The FY 2004 audit once again emphasized the need to centralize the IT security program, implement security initiatives, and close security vulnerabilities. We recognized that the CIO's office needed to be fully staffed, and that funding delays and resistance by offices to relinquish their own security functions and activities delayed implementation of the fully centralized CIO contemplated by our prior recommendations. The CIO's comments to the report referenced an April 2004 VA General Counsel opinion that held the CIO lacked the authority to enforce compliance with the VA information security program as one reason he could not address vulnerabilities. We again recommended that VA fully implement and fund a centralized VA-wide IT security program.
In total, the FY 2004 report included 16 recommendations: (1) centralize IT security programs; (2) implement an effective patch management program; (3) address security vulnerabilities of unauthorized access and misuse of sensitive information and data throughout VA demonstrated during OIG field testing; (4) ensure position descriptions contain proper data access classification; (5) obtain timely, complete background investigations; and complete the following security initiatives on (6) intrusion detection systems, (7) infrastructure protection actions, (8) data center contingency planning, (9) certification and accreditation of systems, (10) upgrading/terminating external connections, (11) improvement of configuration management, (12) moving VACO data center, (13) improvement of application program/operating system change controls, (14) limiting physical access to computer rooms, (15) wireless devices, and (16) electronic transmission of sensitive veteran data. As of May 23, 2006, all recommendations from this report remain open.
Finally, in FY 2006, after Congress mandated full centralization of IT security under the CIO, as we advocated in our reports since 2001, VA is now moving out on a truly empowered centralized CIO. We have provided our draft FY 2005 audit report to the Department and are working with the Department to resolve all outstanding recommendations. We have grouped our recommendations into two categories?the CIO's authority under centralization and longstanding vulnerabilities. With a centralized CIO with direct line authority to implement the needed fixes, we believe VA has a unique opportunity to successfully address all the vulnerabilities and weaknesses discussed in our reports since 2001.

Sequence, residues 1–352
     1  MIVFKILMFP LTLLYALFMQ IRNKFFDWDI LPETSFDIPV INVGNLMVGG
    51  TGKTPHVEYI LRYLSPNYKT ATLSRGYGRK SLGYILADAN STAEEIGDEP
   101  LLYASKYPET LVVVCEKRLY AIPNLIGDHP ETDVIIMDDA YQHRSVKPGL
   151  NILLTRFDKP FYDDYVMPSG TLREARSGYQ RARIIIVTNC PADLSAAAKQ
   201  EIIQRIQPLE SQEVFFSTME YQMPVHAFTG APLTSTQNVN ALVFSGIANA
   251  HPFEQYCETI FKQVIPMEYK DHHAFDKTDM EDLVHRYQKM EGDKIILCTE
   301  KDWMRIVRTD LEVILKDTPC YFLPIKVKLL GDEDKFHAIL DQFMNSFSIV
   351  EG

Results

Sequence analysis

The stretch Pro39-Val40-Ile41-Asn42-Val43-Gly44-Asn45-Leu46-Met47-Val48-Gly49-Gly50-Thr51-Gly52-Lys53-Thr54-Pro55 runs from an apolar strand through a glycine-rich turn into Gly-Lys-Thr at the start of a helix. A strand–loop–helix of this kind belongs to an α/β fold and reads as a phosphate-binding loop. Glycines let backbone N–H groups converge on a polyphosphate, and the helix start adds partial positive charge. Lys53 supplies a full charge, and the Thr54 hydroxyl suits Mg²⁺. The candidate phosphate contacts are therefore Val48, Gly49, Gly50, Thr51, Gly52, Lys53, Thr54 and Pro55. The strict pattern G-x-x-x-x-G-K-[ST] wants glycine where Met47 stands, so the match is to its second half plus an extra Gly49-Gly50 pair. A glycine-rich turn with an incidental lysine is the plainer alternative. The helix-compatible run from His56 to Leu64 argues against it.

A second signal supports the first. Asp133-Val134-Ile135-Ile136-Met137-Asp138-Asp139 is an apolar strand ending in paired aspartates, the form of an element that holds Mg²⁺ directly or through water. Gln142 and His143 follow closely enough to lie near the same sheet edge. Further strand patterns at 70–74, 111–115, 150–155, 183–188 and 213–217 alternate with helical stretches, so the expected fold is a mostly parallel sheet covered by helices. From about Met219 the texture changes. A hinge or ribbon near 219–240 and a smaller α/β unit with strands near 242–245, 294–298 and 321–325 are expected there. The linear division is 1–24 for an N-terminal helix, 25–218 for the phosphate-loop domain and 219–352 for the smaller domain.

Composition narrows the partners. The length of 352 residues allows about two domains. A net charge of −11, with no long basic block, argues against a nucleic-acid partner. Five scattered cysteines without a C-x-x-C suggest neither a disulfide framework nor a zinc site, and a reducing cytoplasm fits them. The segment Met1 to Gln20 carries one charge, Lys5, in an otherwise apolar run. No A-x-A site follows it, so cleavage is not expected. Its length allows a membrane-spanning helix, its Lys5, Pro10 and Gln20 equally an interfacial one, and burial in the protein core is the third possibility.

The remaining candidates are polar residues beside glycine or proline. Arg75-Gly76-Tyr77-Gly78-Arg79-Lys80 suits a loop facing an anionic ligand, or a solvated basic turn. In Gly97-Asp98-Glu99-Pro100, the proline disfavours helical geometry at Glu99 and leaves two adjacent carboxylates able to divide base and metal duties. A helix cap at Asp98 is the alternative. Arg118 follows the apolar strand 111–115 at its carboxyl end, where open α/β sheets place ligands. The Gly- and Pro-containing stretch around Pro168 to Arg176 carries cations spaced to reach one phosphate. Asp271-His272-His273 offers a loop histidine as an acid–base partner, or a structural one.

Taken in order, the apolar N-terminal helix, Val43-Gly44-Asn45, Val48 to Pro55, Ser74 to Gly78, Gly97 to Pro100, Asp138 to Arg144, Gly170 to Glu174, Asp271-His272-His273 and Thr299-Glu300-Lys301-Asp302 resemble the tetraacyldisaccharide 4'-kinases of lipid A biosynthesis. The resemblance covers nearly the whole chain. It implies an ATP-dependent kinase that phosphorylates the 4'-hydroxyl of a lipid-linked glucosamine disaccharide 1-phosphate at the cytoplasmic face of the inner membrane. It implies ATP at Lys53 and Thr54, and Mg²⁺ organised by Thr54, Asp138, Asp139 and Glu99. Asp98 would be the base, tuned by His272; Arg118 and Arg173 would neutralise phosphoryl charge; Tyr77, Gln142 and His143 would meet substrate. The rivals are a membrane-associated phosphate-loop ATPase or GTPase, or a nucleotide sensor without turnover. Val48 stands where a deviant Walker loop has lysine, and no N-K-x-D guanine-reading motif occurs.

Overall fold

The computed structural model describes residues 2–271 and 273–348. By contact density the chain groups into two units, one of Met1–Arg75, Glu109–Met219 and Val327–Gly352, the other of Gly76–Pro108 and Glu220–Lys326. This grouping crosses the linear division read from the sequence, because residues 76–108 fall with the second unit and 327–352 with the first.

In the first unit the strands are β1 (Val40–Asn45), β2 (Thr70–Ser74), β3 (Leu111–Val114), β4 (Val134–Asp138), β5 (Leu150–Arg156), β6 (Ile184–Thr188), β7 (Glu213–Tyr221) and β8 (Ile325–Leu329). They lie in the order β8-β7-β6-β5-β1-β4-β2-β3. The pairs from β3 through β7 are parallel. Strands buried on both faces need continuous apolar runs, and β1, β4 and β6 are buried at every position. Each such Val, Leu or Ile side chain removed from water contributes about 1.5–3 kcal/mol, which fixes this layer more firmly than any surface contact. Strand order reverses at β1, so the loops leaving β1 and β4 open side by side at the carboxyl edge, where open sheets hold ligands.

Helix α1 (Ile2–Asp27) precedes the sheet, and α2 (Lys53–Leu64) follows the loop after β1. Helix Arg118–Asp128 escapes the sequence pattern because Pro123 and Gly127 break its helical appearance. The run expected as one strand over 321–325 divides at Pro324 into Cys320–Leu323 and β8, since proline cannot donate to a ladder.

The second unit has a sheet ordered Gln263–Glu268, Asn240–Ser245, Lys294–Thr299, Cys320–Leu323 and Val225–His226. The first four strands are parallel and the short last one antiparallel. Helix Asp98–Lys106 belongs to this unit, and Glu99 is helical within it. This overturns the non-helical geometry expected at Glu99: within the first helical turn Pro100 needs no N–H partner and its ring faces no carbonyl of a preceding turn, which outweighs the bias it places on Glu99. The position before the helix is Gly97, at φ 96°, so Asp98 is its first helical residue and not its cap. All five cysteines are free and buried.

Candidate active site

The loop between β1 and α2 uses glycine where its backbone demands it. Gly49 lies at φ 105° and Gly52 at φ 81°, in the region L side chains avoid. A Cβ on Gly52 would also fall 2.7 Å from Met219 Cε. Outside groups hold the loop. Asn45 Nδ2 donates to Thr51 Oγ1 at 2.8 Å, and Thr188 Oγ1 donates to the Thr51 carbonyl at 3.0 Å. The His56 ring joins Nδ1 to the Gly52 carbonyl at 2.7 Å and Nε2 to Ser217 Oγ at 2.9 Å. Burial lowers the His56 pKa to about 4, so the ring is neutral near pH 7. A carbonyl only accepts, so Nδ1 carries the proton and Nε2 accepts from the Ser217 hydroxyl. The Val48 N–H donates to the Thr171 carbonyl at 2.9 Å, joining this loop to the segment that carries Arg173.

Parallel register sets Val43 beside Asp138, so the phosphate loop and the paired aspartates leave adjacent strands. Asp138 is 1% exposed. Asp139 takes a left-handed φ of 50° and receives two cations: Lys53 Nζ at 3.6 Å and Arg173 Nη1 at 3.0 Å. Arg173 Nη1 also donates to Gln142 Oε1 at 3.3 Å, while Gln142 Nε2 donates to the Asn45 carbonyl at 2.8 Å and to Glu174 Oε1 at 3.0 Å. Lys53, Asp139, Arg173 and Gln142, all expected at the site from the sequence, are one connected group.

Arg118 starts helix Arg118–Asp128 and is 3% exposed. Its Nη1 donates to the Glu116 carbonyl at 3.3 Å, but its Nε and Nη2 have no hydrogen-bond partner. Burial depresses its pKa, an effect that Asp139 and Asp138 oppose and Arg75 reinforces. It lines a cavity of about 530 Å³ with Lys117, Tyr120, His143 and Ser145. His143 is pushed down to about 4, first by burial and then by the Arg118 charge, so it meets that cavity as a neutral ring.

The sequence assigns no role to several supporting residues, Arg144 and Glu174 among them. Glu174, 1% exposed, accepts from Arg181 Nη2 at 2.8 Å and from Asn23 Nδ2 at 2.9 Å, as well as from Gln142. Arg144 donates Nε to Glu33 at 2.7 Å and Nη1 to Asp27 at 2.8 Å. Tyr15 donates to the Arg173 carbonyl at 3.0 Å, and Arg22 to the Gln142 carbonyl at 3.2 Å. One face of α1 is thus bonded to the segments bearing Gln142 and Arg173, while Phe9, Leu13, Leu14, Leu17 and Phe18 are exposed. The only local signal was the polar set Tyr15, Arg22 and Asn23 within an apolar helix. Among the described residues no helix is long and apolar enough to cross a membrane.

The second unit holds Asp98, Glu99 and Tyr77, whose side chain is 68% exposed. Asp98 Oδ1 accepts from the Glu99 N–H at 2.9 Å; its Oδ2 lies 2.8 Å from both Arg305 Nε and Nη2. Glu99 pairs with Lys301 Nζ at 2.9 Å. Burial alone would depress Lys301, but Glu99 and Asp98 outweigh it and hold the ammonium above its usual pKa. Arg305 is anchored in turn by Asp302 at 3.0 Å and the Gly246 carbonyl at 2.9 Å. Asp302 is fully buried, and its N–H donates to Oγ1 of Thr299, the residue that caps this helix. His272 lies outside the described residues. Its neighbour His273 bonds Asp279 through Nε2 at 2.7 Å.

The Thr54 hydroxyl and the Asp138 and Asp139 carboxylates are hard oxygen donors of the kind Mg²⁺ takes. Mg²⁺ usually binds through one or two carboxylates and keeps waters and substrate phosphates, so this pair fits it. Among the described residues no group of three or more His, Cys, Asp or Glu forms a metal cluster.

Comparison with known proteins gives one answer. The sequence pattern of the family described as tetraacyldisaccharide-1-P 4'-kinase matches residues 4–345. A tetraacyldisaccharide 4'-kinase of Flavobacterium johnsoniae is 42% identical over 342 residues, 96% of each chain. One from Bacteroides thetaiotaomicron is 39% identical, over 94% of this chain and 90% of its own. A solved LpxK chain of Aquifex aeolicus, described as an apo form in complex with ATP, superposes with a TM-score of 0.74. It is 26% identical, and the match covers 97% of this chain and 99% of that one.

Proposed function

We believe centralization is essential because standardization is the key to fixing VA information security weaknesses. As long as three stove-piped administrations and other smaller component organizations are free to operate in the IT environment on their own within VA?accountable not to the CIO but to other line managers who themselves are not accountable to the VA CIO?the vulnerabilities cannot be effectively resolved.
CAP Reviews Continue to Show Information System Security Vulnerabilities Continue to Exist
We continue to identify instances where out-based employees send veteran medical information to the VA regional office via unencrypted e-mail; system access for separated employees is not terminated; monitoring remote network access and usage does not routinely occur; and off duty users' access to VA computer systems and sensitive information is not restricted. We continue to make recommendations to improve security and contingency plans, control access to information systems, complete background investigations and annual security awareness training, and improve physical security controls.
While individual and regional managers have concurred with these CAP recommendations, and our follow-up process confirms actions to resolve the specific conditions identified at these sites, we continue to find that corrective actions are not applied to all facilities to correct conditions nationwide. Consequently, we continue to find these systemic conditions at other sites we visit. For example, between FYs 2000 to 2005 the CAP program identified IT and security deficiencies in 141 of 181 VHA facilities. We identified IT and security deficiencies at 37 of 55 VBA facilities.
In closing, I would like to assure the Committee that this matter will remain a very high priority for the OIG until it is resolved. I will ensure that all the resources that are needed to complete our reviews in a thorough and timely manner will remain dedicated to the goal of recovering the stolen data and protecting our Nation's veterans.
Mr. Chairman, Madam Chairman, and Members of the Committees, thank you again for this opportunity and I would be pleased to answer any questions that you may have.